Back injuries?

  1. I'm a student nurse. I look forward to my new career, but I'm worried about injuring my back. Any advice for a new nurse or nurses in general? Any nurses out there with on the job back injuries?
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  2. 7 Comments

  3. by   TheCommuter
    I injured my back in early 2005 while I was a student in an LVN program. I have an L4/L5 injury that has resulted in severe sciatic nerve pain every day of my life. It affects my ability to walk due to neurogenic claudication (in other words, the pain runs down the back of my legs whenever I walk).

    I have lived with and adapted to the pain because I must etch out a livelihood. My only advice is to utilize proper lifting techniques and ask for help when you have assessed that you cannot accomplish the feat alone. Good luck and maintain the curve!
  4. by   meownsmile
    I injured my back in 97, however i dont think it was from nursing. I think it came from a previous job. Luckily i dont have residual pain or problems after surgery. But believe me it wasnt fun spending almost 5 months flat in bed. If you do hurt yourself, take the time to heal completely before you return to work.
    Learn and use your body mechanics well. A good orientation program should take you through steps and procedures for lifting safely and preventing back/shoulder and leg injuries.
  5. by   ginger58
    Do abd tightening exercises. When you go to move someone tighten your abds. Don't rush. Someone slipped down in the bed or safely on the floor can wait for you to get enough help and equipment. If you're alone, don't think you can do it yourself. Utilize lift equipment. If you're afraid of getting hurt, get someone else. Make sure your facility has lift equipment. Use a gait belt on a pt. if you have them. Get PT to show you how to move a pt. or have them help you. Our course in the real world...
  6. by   dmarie (GA)
    Great advice! The ab tightening exercises are a new year's resolution of mine! I'm going to try and strengthen my core as much as possible.............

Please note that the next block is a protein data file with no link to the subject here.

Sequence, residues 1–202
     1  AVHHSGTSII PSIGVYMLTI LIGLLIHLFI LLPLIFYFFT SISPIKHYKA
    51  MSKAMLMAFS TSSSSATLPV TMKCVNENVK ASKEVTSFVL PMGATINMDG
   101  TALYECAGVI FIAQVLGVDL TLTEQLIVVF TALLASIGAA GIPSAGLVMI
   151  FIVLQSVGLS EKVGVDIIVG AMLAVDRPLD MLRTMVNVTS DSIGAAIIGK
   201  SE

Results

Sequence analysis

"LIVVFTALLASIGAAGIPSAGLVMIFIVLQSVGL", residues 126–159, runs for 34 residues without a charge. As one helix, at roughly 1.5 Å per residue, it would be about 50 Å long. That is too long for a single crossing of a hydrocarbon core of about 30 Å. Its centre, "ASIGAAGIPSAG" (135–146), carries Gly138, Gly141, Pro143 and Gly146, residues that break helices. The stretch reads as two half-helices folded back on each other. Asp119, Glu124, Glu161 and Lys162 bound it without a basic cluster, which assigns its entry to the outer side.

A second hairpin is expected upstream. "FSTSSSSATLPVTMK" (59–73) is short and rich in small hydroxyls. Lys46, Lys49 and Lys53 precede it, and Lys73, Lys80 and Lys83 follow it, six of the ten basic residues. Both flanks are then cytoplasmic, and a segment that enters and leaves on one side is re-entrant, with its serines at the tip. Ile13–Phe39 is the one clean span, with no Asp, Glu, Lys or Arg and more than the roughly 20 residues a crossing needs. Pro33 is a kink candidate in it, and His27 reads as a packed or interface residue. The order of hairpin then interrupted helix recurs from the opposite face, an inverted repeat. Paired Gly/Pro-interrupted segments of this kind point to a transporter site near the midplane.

7. by   mchaff00rn
    PUT THE BED UP!! Dont be in to big of a hurry. We new nurses try to do it all, deligate!!! I wish you the best of luck!
  8. by   deehaverrn
    Don't be fooled by the myth that proper body mechanics means that you should be moving more than 50 lbs on a regular basis...the human body is not built for this stress. Nurses need to start refusing to put themselves at risk. Once you injure yourself your profession as well as your employer and indeed the govt who makes the rules will turn their backs on you. Sorry but that is the way it is. I lifted people for 20 years before my back gave out...but notice the Worker's Compensation issue that gets the govt's attention is the NFL!! They're the ones making millions a year not us.
    After loving nursing for all these years, I now sincerely regret ever getting into it. My life is a constant struggle with pain...either enduring it in order to accomplish something or being sedated with pain medication. As far as "proper lifting and body mechanics" go, I was told by my former physical therapist that I have great body mechanics and that my injury was definitely not a result of anything that I did wrong. Rather the degeneration caused by years of lifting was the culprit.
    I really hate to say it...but do yourself a favor and change your career path while you still have a chance. It sounds harsh, but believe me ..this is the best advice you will get!
  9. by   woody62
    I suffered my first low back injury in 1972. I suffered another one in 1975 and a third one, in 1979. They were all diagnosed as low back strain, which they mostly were. But I thought using the proper body mechanics I could lift or assist anyone. I finallt herniated my L4-5 disc in January of 1988. You cannot lift a patient by yourself, not even with the patient's assistance. You cannot transfer a patient alone. You need to use another nurse and a slide board. Each time you strain your low back, you are doing damage. And one day, you will damage it to the point of herniating a disc.

    Woody

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